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Edward Snowden Implores Macron To Grant French Asylum

Edward Snowden Implores Macron To Grant French Asylum

US whistleblower Edward Snowden has called on French President and former Rothschild banker Emmanuel Macron to grant him political asylum from the United States. 

Speaking with France's Inter radio on Monday as part of a press junket to promote his new memoir, the former NSA contractor said "Protecting whistleblowers is not a hostile act," adding "Welcoming someone like me is not an attack on the United States." 

"I would like to return to the United States. That is the ultimate goal. But if I'm gonna spend the rest of my life in prison, the one bottom line demand that we have to agree to is that at least I get a fair trial. And that is the one thing the government has refused to guarantee because they won't provide access to what's called a public interest defense," Snowden told CBS This Morning

"Again, I'm not asking for a parade. I'm not asking for a pardon. I'm not asking for a pass. What I'm asking for is a fair trial. And this is the bottom line that any American should require. We don't want people thrown in prison without the jury being able to decide that what they did was right or wrong. The government wants to have a different kind of trial. They want to use special procedures they want to be able to close the courtroom, they want the public not to be able to go, know what's going on. And, essentially, the most important fact to the government and this is the thing we have a point of contention on, is that they do not want the jury to be able to consider the motivations. Why I did what I did. Was it better for the United States? Did it benefit us or did it cause harm? They don't want the jury to consider that at all. They want the jury strictly to consider whether these actions were lawful or unlawful, not whether they were right or wrong. And I'm sorry, but that defeats the purpose of a jury trial," Snowden told CBS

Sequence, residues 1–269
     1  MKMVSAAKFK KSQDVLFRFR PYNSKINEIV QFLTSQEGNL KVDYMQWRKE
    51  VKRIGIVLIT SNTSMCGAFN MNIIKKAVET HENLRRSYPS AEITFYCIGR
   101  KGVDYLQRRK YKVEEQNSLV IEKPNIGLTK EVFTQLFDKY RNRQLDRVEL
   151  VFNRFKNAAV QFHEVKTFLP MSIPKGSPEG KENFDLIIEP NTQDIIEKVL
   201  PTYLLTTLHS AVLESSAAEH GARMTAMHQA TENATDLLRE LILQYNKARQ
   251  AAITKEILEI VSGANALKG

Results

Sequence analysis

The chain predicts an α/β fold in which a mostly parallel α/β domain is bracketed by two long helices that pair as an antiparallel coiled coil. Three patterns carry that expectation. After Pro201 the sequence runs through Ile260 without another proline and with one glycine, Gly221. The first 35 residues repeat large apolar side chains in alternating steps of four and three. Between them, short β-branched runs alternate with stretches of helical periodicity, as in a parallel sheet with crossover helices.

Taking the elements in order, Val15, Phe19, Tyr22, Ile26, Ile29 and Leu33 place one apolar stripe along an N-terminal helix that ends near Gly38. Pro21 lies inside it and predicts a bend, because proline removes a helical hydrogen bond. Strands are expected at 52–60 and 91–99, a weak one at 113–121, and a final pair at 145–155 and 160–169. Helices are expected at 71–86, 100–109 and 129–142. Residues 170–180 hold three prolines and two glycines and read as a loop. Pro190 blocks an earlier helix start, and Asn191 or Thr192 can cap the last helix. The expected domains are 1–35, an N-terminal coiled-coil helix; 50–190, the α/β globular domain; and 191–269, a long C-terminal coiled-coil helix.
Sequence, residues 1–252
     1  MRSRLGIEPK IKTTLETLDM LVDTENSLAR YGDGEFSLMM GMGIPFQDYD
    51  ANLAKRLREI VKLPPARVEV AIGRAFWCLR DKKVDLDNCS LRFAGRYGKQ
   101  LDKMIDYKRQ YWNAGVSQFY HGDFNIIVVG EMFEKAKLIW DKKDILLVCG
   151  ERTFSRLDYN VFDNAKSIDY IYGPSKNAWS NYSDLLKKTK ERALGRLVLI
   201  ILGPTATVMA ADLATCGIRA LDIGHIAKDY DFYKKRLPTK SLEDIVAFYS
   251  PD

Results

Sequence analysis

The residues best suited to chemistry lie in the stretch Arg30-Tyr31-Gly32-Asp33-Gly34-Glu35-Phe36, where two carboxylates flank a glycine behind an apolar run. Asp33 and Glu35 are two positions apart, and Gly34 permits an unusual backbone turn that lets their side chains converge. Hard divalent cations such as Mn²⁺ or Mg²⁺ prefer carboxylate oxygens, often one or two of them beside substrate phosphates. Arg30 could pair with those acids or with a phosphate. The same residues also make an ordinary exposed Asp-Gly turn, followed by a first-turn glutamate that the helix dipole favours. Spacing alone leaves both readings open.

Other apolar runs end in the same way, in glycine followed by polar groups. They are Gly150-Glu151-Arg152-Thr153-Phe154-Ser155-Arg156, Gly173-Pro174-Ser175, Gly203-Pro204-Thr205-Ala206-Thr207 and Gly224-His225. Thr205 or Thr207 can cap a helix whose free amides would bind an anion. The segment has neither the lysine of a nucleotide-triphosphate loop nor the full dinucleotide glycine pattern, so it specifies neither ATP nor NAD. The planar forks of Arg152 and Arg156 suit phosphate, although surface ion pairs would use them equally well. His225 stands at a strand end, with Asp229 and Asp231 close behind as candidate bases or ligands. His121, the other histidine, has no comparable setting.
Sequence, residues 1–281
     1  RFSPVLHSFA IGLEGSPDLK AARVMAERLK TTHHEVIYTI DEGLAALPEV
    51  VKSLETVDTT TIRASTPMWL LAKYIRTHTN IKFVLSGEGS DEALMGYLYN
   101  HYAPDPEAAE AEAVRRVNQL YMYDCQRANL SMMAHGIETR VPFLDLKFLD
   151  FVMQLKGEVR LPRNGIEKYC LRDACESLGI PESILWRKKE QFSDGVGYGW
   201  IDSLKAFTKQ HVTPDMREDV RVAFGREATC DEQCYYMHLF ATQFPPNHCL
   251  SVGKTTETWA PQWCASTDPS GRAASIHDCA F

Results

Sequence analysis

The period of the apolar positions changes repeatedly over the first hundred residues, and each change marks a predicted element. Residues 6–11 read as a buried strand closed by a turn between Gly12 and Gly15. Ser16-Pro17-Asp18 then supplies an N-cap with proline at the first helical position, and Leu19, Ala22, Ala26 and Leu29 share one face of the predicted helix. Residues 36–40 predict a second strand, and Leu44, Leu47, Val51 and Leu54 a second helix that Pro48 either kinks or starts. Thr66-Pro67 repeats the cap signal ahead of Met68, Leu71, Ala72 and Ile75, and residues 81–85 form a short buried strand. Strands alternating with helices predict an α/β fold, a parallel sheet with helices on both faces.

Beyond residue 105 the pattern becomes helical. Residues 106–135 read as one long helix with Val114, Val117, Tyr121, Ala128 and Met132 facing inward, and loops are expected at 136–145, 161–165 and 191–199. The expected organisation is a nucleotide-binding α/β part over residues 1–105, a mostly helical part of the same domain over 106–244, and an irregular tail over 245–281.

The NSA, meanwhile, told CBS: "Edward Snowden violated his lifetime obligation to protect classified information and betrayed the trust of his coworkers and the American people."

In 2013 Snowden unsuccessfully applied for asylum in France under former President Francois Hollande, along with several other countries, after he released a trove of classified US information shedding light on America's mass surveillance apparatus - including unprecedented court-approved access used by the government to collect data on over 120 million phone calls between ordinary Americans.

Snowden also leaked the NSA's top-secret black budget to the Washington Post, while also revealing that the NSA had been paying private US tech companies for clandestine access to their networks. 

Snowden shares his life story in his new memoir, "Permanent Record," set to be released on Tuesday in around 20 countries - including France. 

Tyler Durden Tue, 09/17/2019 - 02:45

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